Military Gear & Army Surplus Gear Blog

Homework Hotline: P.W. Minor

Homework Hotline: P.W. Minor


(Narrator) Have you ever looked down at your shoes and
wondered how they are made? P.W. Minor in Batavia, New York has been on the
forefront of creating shoes since 1867. Their merchandise ranges from high end boots—-to
military boots—-to orthopedic shoes. The styles of the shoes have changed over
the years, but the process of how they are made, has not. (Nicole Porter) “P.W. Minor has been in business for 150 years but
the process hasn’t really changed from back when these shoes were first produced
to how they’re being produced now. The equipment has definitely upgraded and
we’ve got a lot new equipment in the factory to make it more efficient but it’s still
going through the same manual hands on process that it was 150 years ago” (Narrator) The first step in the shoe making process
is to take the measurements of the leather so that as much of the materials is used as
possible. The leather is also inspected and circles
are drawn around the blemishes and impurities so that those spots will be avoided once the
leather is cut. The leather is then sent to the cutting station. A bar code is scanned allowing the workers
to see where the leather should be cut. The machines then cut the pieces needed and
workers on the other side take those pieces and sort them for production. The leather will then go through a fitting
process. It will be cut again to make sure that it
is the correct size and thickness for the shoe and then these pieces are stitched together. After these pieces are done going through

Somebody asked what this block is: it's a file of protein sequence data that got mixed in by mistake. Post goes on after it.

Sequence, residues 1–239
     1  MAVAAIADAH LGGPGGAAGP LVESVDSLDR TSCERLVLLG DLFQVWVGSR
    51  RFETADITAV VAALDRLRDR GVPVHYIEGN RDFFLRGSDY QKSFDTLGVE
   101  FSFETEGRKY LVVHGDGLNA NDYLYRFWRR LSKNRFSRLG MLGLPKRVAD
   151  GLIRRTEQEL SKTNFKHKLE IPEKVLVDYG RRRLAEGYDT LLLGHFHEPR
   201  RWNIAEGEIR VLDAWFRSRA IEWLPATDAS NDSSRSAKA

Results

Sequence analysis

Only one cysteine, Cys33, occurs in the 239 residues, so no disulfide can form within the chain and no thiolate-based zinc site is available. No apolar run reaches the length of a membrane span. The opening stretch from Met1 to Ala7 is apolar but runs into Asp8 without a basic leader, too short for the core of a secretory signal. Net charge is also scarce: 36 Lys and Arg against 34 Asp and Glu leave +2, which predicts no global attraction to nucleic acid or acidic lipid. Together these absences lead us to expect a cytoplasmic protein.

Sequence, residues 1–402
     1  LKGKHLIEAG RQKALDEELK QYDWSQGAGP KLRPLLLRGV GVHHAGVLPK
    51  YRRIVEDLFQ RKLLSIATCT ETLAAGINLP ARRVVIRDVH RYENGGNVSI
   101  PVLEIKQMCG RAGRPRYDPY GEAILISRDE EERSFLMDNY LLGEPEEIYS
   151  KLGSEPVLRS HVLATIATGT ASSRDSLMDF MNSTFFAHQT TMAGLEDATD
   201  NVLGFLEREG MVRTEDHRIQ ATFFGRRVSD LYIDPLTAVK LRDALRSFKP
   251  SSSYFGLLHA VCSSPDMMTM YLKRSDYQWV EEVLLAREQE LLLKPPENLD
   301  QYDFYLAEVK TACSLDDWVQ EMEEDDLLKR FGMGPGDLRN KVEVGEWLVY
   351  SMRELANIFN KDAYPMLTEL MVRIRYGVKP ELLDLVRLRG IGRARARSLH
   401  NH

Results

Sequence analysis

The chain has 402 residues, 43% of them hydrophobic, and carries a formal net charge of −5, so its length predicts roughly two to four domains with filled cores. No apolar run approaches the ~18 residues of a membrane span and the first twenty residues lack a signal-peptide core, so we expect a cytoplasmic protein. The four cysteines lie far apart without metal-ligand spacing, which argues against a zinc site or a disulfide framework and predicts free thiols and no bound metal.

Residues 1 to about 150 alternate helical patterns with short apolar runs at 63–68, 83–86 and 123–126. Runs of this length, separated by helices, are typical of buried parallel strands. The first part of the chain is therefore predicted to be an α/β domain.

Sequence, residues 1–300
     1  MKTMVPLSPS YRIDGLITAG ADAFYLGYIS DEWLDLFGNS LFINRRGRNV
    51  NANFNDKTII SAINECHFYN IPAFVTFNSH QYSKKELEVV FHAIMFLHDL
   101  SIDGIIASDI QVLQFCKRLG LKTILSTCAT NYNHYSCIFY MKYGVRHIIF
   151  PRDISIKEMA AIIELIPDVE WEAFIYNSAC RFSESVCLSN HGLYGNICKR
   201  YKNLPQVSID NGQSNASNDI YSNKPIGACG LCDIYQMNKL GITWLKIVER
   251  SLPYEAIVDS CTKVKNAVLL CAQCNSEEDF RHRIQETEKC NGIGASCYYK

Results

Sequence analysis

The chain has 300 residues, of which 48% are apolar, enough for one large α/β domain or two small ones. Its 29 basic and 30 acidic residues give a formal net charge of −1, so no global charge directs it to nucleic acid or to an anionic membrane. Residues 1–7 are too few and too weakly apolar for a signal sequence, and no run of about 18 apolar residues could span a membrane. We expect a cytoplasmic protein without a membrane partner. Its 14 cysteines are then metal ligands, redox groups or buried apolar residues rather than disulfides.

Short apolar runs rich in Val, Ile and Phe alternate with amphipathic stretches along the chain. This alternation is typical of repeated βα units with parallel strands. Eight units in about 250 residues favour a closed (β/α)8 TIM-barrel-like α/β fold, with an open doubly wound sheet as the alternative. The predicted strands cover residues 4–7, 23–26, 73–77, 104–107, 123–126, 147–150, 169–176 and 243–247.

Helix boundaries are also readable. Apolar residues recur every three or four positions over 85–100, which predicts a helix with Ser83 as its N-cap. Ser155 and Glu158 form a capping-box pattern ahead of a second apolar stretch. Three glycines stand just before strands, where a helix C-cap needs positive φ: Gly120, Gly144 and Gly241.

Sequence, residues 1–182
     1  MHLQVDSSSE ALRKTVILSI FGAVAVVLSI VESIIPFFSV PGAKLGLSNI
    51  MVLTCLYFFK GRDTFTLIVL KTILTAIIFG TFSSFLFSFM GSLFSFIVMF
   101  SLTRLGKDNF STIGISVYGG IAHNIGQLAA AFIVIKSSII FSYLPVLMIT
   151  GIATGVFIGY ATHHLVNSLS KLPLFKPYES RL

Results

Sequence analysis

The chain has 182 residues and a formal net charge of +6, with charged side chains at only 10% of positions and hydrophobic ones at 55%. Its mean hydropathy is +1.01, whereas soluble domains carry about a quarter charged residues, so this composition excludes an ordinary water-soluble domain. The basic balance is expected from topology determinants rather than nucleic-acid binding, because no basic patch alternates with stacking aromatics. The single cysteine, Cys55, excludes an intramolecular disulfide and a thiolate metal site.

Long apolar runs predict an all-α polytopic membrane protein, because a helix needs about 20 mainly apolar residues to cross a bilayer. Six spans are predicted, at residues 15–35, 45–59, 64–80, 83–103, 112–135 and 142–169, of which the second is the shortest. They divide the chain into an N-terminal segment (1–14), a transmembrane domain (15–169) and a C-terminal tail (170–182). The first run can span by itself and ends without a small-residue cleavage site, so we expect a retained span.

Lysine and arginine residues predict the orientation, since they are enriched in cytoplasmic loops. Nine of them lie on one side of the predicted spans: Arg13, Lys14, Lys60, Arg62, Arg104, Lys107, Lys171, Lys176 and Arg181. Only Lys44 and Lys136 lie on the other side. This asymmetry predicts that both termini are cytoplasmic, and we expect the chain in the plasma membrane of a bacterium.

“fitting” the shoe starts to take shape. (Nicole) “So once the shoes are finished
over in fitting it’s going to look similar to this, like a little hat, and then they’re
going to come over and they’re going to get what’s called the last. All these bins back here are last. A last is just this mold that goes inside
the shape of the shoe so that when it comes out of production, it looks like your foot. (Narrator) The extra material is then trimmed and plastic wrap is added to it so that the upper materials on the shoes are protected
throughout the rest of the process. The bottom of the shoe is then evened out
so that the sole can be attached properly. A “shank” is also added to help with the
support. The bottom of the shoe is then filled in with
cork that will shape to the foot a few times after it is warn and helps create a more comfortable
shoe. After the cork, the sole of the shoe is glued
in to place and is then stitched around the welt. The heel of the shoe is then added on. Nails are used to hold the heel in place. The shoe is then cleaned up and sent over
to another station for shoe laces to be added. The shoe is then packaged and shipped out
the door for consumers to purchase. (Music)


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